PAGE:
Are you sure you want to tweet that? Think about your tweet, IM or status update for a second before you hit send. You might be thinking ‘this is hilarious (to me)’ or ‘social media is there for venting, right?’ – Wrong. Whether you’re an individual or brand, your online presence is a reflection of who you are and your brand personality. With so many different personalities combining on social media, it is common to find other users who are easily offended by what someone else says. Where do we draw the line between justified self-expression and offensiveness?
As social media grows at a rapid pace within SA, the need for regulations and law structures is becoming more relevant, to protect individuals and companies from relegation. Social platforms have become a convenient medium through which we deal with customer service, communicate and receive information and, in the case of employers, screen potential employees.. This places a big emphasis on the way we regulate our online presence.
The Social Laws in SA are easy to understand and more laws are being researched and set in place on a regular basis. The most recent we have seen in media are employees committing social faux pas on their personal accounts and being publicly called out for it, causing them to lose their stable employment and security. It only takes 5 minutes for a user to track you and your place of work down. This usually results in others placing pressure on the company within the social sphere to reprimand you in order to avoid the negative association with their organisation and its ethics. A good example of what not to do when you are well known in the twitter sphere is the #HasJustineLandedYet incidence. A communications director for a major American company faced relegation and a dismissal when she landed after a 12-hour flight to Cape Town, tweeting before departure: “Going to Africa. Hope I don’t get AIDS. Just kidding. I’m White!”
On the other side of the spectrum is the leaking and spreading of naked selfies, sometimes referred to as “revenge porn”. Nude pictures of individuals, including celebrities, are leaked from hacked personal accounts, Snapchats or Dropbox. Most couples will engage in sending naked selfies etc. via IM and also teenagers use SnapChat for sexting due to it not storing data for longer than 10 seconds. Most users are not aware that sending a naked selfie via IM is illegal and counts towards the circulation of pornography/child pornography. This causes the sender and receiver to be involved in the repercussions and any person who receives the image thereafter. Thinking of snapping that selfie and sending it to your partner? Stop, think and delete. If things go sour you might end up on the www, and red faced. Ever heard of “The Fappening”? Don’t become a victim of it.
With so many laws and fails constantly found on social media daily, it is hard to understand why it keeps happening so often. When the case of defamation of a person’s character is challenged on a social platform or even a threat of some kind, not only the poster can be held liable. In a recent case a disgruntled wife involved her husband in a Facebook post about his ex wife. He didn’t comment or respond, but he also didn’t untag himself, resulting in him having to pay thousands in emotional damages to his ex wife. A not-so-smart move from his current, maybe even current ex, wife.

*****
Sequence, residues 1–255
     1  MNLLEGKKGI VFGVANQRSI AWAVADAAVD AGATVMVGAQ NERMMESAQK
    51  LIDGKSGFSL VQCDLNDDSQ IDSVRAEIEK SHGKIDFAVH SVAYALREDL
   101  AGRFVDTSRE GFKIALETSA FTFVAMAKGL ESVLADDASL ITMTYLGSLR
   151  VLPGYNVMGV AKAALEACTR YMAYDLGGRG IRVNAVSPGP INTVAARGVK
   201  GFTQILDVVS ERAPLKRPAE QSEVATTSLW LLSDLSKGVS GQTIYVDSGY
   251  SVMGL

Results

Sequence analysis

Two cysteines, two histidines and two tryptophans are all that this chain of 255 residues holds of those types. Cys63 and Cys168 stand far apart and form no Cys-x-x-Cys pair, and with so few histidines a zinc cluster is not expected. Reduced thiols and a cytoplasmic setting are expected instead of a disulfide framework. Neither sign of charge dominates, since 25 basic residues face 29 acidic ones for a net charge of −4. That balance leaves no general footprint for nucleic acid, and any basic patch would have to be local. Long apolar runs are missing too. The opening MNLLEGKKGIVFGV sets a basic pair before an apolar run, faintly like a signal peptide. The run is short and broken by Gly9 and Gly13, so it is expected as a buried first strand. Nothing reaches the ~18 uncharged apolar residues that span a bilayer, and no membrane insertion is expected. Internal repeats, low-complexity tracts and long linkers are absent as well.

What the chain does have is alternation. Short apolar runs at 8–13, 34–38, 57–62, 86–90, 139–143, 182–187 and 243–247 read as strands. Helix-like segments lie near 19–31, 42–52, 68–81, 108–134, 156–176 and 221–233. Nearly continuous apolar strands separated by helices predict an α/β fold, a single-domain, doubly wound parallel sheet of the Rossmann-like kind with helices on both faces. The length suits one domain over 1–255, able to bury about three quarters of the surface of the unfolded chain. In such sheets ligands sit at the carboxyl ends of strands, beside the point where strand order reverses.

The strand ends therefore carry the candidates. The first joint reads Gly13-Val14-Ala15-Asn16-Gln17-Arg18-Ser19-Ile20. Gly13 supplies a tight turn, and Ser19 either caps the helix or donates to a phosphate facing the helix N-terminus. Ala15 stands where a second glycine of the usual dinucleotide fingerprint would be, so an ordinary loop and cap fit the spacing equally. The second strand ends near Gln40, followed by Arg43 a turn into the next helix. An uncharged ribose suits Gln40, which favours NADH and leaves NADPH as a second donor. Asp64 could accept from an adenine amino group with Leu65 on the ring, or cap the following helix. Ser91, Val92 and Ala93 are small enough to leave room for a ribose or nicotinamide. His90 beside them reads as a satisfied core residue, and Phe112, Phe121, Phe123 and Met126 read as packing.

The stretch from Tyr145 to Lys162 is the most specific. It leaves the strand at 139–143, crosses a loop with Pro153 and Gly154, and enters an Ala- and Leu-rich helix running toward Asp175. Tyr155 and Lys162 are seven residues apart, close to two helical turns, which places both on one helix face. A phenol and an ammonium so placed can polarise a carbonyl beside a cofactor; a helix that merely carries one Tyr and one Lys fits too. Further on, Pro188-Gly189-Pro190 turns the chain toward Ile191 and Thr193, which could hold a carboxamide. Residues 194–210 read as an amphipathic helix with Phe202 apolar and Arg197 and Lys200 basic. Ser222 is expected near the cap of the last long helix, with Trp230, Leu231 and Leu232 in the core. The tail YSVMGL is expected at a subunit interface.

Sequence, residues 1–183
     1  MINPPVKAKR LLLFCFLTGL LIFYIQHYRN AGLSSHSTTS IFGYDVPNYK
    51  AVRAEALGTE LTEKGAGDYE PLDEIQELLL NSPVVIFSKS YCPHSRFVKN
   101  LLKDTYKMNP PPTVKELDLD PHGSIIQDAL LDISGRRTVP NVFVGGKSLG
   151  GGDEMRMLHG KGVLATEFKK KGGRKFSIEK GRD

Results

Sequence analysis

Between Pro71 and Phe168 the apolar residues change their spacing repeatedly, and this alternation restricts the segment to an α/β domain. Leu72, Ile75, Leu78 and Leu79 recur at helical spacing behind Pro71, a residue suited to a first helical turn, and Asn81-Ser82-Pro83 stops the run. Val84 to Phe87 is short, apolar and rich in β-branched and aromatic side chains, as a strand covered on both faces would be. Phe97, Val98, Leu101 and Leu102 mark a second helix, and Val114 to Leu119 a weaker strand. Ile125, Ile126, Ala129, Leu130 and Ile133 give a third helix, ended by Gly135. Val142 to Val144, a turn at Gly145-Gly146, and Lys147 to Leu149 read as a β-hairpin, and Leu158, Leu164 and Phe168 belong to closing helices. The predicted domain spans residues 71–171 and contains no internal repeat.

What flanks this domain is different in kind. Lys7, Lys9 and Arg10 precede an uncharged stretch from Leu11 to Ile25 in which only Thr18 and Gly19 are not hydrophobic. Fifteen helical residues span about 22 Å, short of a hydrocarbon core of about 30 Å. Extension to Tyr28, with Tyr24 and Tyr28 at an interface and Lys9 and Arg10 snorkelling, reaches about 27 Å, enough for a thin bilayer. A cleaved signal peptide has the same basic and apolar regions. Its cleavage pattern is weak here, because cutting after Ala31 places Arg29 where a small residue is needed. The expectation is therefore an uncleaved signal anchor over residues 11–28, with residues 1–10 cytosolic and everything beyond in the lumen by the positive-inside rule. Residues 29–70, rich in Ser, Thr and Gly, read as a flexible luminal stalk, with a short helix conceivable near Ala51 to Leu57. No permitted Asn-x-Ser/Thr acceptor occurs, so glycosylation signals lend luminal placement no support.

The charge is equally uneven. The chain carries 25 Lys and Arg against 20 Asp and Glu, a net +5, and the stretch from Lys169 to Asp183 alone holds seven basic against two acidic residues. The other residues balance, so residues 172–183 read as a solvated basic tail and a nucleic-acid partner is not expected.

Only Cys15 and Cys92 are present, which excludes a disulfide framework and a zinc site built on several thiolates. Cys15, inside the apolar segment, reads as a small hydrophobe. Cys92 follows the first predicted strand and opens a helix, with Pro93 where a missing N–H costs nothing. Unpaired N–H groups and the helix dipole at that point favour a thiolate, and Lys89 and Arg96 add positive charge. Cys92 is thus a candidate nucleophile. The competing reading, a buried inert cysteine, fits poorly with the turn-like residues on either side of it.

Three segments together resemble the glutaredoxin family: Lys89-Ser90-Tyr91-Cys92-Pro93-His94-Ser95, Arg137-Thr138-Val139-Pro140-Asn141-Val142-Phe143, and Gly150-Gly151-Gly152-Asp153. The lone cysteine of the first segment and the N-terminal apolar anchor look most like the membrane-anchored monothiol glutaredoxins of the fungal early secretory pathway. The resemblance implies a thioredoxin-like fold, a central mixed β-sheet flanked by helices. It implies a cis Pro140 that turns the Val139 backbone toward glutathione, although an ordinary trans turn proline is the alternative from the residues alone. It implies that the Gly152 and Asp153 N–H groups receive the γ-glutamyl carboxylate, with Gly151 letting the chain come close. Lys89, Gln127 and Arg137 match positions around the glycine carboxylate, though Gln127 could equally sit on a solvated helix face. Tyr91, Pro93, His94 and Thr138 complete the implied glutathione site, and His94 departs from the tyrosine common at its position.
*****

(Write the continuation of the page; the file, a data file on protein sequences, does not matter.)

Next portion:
From the worst to the more lighthearted, we look at the faux pas that brands have been through, ranging from CEO’s shaming employees to community managers posting offensive jokes to clients and even airlines ‘accidentally’ replying with porn to a public query – These are all entertaining and make us go for the popcorn. Brands choosing to enter the social sphere do so at a weary pace, concerned about backlash and now also leaving their brand reputation in the hands of the social manager. As we saw with FNB, American Airlines and more recently an American pizza brand, bad social mistakes can happen to good brands.
Social media has given a turning point to South Africans being more open and sharing more with their peers, but be careful of what you share. The biggest backlashes we have seen in SA was “correctional rape”, “blackface” and also the Waterkloof kids making themselves YouTube stars for a day and then being sent back to jail. Within the first few minutes at least a few hundred people will notice your post and share it. Don’t think deleting it will help because someone somewhere most likely took a screenshot and someone else has already posted in on their blog. The moral of the story, nothing is private. As soon as you put it out there it is no longer your intellectual property and it will go viral if it’s juicy enough.
ORM (Online Reputation Management) is a practice we should all follow as individuals and as a company trying to create brand awareness. Check your content and hashtags, save it as a draft, walk away and re-look before you go posting happy, and prevent having to clean up the mess. The term “check yourself, before you wreck yourself comes to mind”. Ask yourself: Do I really want to post that?